When fathers read …


I saw this building as we walked back to the car after a meal in Kalgoorlie.  I just had to take a picture because it brought back a special memory for me.  This building is off the main street where the beautiful old architecture of Kalgoorlie is protected.  This building, too, makes a statement.  And, so it should.  Individuality.

The memory it brought back is a precious one.

Dr T loved reading to our daughter, and she, a captive audience, hung around his neck like a pendant.  He read to her in infancy and it continued for the next few years.  With nearly a five year gap between our two children, she had our undivided attention.  When he went on sabbatical to Sweden for several months, he recorded stories for her.  Each night for three months she would sit in a small plastic chair, faced the cassette player and listened to her father’s voice.  Oh! how he loved speaking in all the different character voices and she delighted in the variations.  The favourite books for both were Peter Rabbit, The Wind in the Willows and the all time favourite book, The Big Orange Splot by Daniel Marcus Pinkwater.  My daughter credits her strong need for individuality and creativity to The Big Orange Splot.  She still makes references to it and to the time her father read to her.  The bond between them is still as strong as ever.

The Big Orange Splot is a wonderful story about individuality, diversity, acceptance and community.  The message is timeless.  I wish political leaders and parents would read the book!  We would live in different times, if they did.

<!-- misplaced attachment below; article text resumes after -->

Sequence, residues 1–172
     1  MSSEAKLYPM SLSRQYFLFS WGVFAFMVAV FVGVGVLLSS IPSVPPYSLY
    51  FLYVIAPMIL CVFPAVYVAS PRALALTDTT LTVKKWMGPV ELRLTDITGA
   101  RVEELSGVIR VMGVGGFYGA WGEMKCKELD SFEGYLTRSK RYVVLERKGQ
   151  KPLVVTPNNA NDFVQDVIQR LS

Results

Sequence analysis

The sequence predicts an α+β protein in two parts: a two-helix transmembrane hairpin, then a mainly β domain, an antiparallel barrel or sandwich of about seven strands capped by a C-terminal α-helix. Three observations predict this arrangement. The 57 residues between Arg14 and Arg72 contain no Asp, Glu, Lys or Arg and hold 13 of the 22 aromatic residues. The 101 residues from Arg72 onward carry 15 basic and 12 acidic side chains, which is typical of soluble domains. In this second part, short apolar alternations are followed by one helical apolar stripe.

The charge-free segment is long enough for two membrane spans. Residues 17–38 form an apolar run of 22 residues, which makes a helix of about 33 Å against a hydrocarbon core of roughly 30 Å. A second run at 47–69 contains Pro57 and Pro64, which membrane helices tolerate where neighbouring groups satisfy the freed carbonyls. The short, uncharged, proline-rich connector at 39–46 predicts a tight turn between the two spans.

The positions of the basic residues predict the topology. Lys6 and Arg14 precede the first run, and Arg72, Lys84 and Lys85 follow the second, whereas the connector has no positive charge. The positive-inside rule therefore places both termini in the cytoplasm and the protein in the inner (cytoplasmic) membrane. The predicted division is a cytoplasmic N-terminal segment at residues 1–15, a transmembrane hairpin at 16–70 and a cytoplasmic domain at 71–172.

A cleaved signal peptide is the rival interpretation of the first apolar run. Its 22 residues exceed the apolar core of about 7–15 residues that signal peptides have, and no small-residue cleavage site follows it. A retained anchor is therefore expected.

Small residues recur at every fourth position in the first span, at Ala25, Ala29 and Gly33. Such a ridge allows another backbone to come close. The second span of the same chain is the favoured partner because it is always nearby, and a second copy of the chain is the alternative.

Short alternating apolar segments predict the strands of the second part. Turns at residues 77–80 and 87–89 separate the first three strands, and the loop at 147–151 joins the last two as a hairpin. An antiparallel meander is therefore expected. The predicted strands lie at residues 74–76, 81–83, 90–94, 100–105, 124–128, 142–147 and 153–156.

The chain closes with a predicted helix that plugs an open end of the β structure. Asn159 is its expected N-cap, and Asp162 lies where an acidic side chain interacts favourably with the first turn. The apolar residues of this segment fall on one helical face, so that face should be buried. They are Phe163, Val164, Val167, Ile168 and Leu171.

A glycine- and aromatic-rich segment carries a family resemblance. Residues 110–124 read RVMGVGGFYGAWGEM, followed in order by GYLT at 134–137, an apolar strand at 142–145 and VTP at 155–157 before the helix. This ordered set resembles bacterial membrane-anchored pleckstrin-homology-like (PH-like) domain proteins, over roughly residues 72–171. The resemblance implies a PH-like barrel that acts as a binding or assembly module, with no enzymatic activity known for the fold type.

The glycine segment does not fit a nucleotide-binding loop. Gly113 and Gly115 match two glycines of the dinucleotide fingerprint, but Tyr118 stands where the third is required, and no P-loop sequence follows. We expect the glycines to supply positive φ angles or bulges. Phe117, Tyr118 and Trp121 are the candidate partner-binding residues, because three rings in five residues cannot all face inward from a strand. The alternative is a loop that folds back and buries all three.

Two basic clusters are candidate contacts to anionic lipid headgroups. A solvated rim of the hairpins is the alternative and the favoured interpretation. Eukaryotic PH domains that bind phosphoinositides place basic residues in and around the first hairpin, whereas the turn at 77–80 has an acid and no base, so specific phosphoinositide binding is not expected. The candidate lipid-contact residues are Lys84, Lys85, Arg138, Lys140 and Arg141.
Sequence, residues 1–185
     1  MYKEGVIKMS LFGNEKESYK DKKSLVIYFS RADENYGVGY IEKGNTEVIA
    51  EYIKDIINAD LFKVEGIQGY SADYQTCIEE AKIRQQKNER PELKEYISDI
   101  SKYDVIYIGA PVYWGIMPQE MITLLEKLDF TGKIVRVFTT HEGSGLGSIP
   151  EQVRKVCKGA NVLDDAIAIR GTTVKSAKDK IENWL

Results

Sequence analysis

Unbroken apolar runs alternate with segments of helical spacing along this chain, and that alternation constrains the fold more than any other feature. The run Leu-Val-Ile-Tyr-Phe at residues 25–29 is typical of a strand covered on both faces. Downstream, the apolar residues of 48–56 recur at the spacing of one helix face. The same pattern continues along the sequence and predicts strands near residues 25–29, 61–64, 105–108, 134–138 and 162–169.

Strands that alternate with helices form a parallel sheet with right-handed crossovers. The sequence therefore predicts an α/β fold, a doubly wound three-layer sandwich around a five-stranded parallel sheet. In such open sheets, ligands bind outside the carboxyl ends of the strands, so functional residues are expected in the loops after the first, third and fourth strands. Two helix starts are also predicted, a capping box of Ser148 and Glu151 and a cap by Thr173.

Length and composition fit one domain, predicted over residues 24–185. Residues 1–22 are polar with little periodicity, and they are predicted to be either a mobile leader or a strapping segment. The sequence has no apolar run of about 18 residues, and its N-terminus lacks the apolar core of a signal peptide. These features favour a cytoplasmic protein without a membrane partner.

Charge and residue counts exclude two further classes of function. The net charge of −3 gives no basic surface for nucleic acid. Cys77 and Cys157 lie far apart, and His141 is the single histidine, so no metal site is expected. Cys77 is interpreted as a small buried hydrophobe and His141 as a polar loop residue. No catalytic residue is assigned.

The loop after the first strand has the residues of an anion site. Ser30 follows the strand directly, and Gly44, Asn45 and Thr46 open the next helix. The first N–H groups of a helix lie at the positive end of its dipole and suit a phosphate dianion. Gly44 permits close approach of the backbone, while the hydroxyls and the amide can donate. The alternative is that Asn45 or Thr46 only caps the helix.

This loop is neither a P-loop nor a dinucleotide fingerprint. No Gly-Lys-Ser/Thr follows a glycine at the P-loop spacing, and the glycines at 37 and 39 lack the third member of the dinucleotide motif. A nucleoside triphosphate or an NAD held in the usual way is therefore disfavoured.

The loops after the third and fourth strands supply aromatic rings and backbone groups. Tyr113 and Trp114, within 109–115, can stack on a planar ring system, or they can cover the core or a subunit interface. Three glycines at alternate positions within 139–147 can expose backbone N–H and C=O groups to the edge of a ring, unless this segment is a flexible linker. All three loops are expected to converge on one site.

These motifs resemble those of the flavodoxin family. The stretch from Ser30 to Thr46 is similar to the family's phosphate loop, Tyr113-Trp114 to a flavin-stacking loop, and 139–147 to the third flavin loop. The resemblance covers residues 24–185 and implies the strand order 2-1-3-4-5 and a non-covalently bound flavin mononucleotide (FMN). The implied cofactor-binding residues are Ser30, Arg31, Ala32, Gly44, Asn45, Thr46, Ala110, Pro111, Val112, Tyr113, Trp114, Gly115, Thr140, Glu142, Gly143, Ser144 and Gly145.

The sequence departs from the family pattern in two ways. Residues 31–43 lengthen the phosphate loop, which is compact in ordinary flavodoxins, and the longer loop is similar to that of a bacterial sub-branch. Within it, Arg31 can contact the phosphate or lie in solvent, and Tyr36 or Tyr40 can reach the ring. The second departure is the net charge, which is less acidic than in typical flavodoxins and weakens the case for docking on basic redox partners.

If you haven’t heard of the book, it’s a wonderful way to spend five minutes on You Tube. The suggestion is my gift to you today.

Until next time

As always

a dawn bird

In response to RDP Wednesday – BOOK

The Rain Watcher

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Far from home,
the air was warm
the clouds ominous
from within, I looked out
as rivulets poured
into a stream of consciousness
I ignored the thunder
the flash of light
I ignored shelter, mindfully
I sniffed the petrichor
wafting from the ground
it anchored me
at one with earth
I watched the rain
I’m not sure for how long
it may have been a minute
or an hour,
when the rain faded silently into memory
and that flash of light, now a beam
shone brightly
on the book of life
titled Carpe diem

a dawn bird